Alterations in PTH circadian rhythmicity have previously been reported in Adult Growth Hormone Deficiency (AGHD) and may contribute to the pathogenesis of AGHD-related osteoporosis. However, changes in PTH circadian rhythm have not been correlated with bone mineral density (BMD) in AGHD. Serum phosphate is a likely determinant of PTH rhythm. We examined the PTH and phosphate circadian rhythms in AGHD patients with reduced (defined as femoral neck T-score <-1.0) and normal BMD, who were either GH naive (GHN) or optimally GH replaced (GHR).
25 GHN (13 reduced BMD (mean femoral neck T-score plus/minus standard error mean: -1.7plus/minus0.2), 12 normal BMD (1.0plus/minus0.3)) and 18 GHR (10 reduced BMD (-1.4plus/minus0.3), 8 normal BMD (0.9plus/minus0.4)) AGHD patients were consented to the study. Patients were hospitalised for 24 hours and half-hourly blood samples were collected for PTH and phosphate. Circadian rhythmicity was examined using cosinor analysis. Local Ethics Committee approval was obtained.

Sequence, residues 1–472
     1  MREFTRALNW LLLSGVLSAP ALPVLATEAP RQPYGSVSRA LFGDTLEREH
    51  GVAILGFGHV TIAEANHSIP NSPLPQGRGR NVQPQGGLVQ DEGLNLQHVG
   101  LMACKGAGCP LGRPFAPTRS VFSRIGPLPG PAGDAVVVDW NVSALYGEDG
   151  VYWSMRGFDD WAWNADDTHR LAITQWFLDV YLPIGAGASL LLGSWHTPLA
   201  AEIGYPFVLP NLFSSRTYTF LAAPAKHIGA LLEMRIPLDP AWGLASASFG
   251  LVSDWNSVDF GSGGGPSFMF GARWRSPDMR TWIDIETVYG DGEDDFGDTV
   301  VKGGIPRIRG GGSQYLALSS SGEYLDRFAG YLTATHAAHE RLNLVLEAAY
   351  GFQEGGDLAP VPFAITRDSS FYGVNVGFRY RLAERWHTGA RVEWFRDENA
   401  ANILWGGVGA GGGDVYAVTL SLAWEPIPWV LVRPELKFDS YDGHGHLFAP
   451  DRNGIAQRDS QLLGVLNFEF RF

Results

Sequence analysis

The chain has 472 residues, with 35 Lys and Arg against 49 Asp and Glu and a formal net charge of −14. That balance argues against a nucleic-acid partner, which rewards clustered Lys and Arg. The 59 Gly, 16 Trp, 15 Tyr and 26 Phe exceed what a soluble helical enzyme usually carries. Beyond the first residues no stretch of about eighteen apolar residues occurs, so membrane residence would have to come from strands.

All patients had significant PTH and phosphate circadian rhythms (p<0.001). Analysis of the PTH and phosphate 24-hour profiles revealed that compared to GHN and GHR normal BMD patients, GHN and GHR reduced BMD patients had significantly reduced nocturnal PTH rise (3.5plus/minus1.9% versus 13.5plus/minus1.8% and 5.4plus/minus2.0% versus 21.6plus/minus2.3% for GHN and GHR reduced and normal BMD patients respectively, p<0.001) and phosphate rise (0.2plus/minus0.9% versus 10.3plus/minus0.9% and 4.4plus/minus1.0% versus 9.6plus/minus1.3% for GHN and GHR reduced and normal BMD patients respectively, p<0.001).
GHN and GHR AGHD patients with reduced BMD have alterations in PTH circadian rhythmicity which may contribute to the pathogenesis of AGHD-related osteoporosis. Differences in PTH circadian rhythmicity of osteopaenic patients may be a consequence of altered phosphate circadian rhythm. Therapeutic manipulation of the phosphate circadian rhythm may be of value in the treatment of osteopaenic AGHD patients.
22 - 24 Mar 2004
British Endocrine Societies